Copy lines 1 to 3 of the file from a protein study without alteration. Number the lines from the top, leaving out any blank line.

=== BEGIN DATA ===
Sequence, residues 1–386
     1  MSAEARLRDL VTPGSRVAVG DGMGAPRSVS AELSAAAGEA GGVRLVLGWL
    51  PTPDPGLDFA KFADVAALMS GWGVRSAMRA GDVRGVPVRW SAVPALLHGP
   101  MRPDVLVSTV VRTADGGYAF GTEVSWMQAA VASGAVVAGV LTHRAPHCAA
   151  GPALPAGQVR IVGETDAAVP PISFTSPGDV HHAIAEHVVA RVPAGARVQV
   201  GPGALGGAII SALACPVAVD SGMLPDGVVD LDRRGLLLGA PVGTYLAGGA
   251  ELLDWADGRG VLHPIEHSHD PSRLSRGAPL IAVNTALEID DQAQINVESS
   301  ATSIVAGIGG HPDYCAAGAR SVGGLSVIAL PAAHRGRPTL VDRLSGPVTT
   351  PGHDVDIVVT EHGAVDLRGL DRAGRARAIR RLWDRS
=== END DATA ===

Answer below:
Sequence, residues 1–386
     1  MSAEARLRDL VTPGSRVAVG DGMGAPRSVS AELSAAAGEA GGVRLVLGWL
    51  PTPDPGLDFA KFADVAALMS GWGVRSAMRA GDVRGVPVRW SAVPALLHGP